ITDP has been supporting non-motorized transport (NMT) projects in São Paulo, the largest city in South America, with 11.3 million people within city limits and 19.8 million in the metropolitan area, since 2007. São Paulo’s automobile traffic is notorious, with traffic jams regularly reaching new records. In March 2011 the municipality registered a record 157km of gridlock, also known as tailbacks, during the peak period. Sitting in traffic jams for hours is routine in the city.
ITDP planned a pilot bicycle path in the neighborhood of Butantã. This 15-kilometer (9-mile) bike path goes by some of the city’s wealthiest neighborhoods, strongly middle and working-class areas, and connects to one of the largest favelas, Paraísopolis. Additionally, ITDP completed a recommendation report for a 12-km (7.5-mile) bicycle route in the working-class neighborhood of Grajaú in 2010, at the request of the municipality, which has been incorporated into the city’s ongoing cycle route plans. ITDP was integral to the implementation of a car-free Sunday program, which has now taken on a life of its own, with ongoing extensions to the cycle lane and hours of operation.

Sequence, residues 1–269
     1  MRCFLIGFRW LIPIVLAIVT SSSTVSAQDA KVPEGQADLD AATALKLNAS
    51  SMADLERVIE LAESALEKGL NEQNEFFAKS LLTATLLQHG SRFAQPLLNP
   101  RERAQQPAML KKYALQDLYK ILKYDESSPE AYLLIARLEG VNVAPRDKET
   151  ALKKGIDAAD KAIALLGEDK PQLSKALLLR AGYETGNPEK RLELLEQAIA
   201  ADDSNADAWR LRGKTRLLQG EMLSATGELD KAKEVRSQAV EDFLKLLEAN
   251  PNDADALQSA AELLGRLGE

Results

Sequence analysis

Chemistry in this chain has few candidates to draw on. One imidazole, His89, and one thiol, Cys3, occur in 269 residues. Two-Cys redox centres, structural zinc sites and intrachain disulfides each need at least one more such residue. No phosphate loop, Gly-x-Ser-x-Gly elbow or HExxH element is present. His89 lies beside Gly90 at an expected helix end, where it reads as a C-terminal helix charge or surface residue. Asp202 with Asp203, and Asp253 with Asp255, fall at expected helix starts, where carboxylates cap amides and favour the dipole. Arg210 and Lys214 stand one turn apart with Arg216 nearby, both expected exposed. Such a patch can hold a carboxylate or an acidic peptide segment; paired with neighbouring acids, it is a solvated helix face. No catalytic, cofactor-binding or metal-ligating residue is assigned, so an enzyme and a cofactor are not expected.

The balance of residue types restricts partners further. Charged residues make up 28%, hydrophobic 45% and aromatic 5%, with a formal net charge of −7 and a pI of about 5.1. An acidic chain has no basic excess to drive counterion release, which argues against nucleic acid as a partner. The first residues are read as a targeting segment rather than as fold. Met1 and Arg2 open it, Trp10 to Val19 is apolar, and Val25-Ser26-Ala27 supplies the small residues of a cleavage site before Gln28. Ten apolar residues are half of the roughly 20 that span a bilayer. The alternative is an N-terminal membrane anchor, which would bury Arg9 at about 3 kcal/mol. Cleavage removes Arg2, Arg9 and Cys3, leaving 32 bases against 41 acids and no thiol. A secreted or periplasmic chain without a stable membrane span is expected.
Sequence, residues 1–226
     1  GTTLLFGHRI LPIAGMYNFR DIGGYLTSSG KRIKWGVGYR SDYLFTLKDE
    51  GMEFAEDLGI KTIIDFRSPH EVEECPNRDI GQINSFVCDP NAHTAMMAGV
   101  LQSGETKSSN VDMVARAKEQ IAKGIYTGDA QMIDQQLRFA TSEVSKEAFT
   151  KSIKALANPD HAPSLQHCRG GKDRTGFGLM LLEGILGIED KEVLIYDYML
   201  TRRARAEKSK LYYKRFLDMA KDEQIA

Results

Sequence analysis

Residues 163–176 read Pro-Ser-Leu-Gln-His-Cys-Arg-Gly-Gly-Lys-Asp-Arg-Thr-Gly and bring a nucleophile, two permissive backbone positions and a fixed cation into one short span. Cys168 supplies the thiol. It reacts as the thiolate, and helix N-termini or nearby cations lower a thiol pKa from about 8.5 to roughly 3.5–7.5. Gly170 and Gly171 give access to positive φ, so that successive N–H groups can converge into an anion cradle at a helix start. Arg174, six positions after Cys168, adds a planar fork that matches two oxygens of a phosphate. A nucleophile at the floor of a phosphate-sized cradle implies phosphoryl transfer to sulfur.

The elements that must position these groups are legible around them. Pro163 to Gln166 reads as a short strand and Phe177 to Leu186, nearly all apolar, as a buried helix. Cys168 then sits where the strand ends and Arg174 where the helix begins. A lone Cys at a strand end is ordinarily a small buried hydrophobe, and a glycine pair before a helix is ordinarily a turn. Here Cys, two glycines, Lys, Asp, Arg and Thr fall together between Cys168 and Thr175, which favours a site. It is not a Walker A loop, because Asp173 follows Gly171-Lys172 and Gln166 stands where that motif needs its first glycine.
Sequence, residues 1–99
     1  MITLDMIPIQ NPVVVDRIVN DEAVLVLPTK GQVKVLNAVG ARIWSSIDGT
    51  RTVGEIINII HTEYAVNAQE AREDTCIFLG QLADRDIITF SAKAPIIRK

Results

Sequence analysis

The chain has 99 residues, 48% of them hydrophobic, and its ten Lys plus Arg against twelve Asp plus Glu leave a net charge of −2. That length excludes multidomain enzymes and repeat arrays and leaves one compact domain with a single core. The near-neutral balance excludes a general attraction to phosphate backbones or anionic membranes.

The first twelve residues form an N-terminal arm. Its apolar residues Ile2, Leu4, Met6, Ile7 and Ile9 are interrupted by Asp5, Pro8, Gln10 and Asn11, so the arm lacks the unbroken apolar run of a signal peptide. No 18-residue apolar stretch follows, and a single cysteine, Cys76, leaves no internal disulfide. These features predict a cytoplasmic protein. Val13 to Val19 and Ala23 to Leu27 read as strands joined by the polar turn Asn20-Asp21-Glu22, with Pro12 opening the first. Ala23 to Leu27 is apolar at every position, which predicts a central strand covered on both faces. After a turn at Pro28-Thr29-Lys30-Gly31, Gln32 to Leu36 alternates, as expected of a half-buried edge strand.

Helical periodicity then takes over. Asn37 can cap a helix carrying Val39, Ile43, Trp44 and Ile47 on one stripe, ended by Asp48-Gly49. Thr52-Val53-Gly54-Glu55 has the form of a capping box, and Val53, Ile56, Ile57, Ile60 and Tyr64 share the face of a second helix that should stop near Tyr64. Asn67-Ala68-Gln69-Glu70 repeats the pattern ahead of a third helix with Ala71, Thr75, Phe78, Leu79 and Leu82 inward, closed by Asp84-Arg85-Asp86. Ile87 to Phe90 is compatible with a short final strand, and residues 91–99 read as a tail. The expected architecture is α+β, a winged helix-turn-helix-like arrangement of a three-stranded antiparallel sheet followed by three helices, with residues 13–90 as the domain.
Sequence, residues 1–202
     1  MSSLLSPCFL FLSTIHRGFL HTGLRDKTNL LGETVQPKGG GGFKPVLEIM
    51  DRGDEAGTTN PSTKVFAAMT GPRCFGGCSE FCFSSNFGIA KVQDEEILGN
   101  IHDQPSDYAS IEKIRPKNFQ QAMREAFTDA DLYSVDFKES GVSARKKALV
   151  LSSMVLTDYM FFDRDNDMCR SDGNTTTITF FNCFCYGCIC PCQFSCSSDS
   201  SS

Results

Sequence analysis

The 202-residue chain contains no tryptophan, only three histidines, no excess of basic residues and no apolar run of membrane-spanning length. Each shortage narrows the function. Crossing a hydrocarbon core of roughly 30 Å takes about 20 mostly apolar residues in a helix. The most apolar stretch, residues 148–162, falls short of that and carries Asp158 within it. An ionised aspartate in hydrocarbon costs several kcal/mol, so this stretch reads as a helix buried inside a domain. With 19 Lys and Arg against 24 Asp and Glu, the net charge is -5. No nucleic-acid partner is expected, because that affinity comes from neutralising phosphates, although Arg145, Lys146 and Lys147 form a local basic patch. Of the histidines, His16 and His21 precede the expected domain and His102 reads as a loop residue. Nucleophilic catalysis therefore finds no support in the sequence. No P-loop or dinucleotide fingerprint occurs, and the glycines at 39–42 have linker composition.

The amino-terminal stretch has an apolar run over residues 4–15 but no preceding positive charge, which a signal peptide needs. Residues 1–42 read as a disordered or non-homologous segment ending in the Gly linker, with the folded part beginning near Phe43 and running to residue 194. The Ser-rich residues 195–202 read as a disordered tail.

ITDP initiated work on a congestion pricing scheme for São Paulo in 2004, bringing in Derek Turner, the architect of London’s system, to work with city officials and Brazilian consultancies. Although the project was not implemented due to political concerns, congestion pricing was put on the map as an effective way to manage the huge demand for automobile transport, reduce emissions, and improve quality of life in the Brazil’s largest city.
City Center Revitalization
In 2006 and 2007, ITDP worked on city center revitalization, bringing Gehl Architects to the city to create a plan for the Anhangabaú and Centro das Artes downtown area. The primary objective of reinforcing the already significant but dispersed cultural, residential, and commercial offering in the city center. ITDP continues to explore ways to support traffic demand management measures that complement city center revitalization efforts in São Paulo. ITDP has also been participating in a work group with SECOVI, government officers, private companies and other NGOs to promote parking policy measures.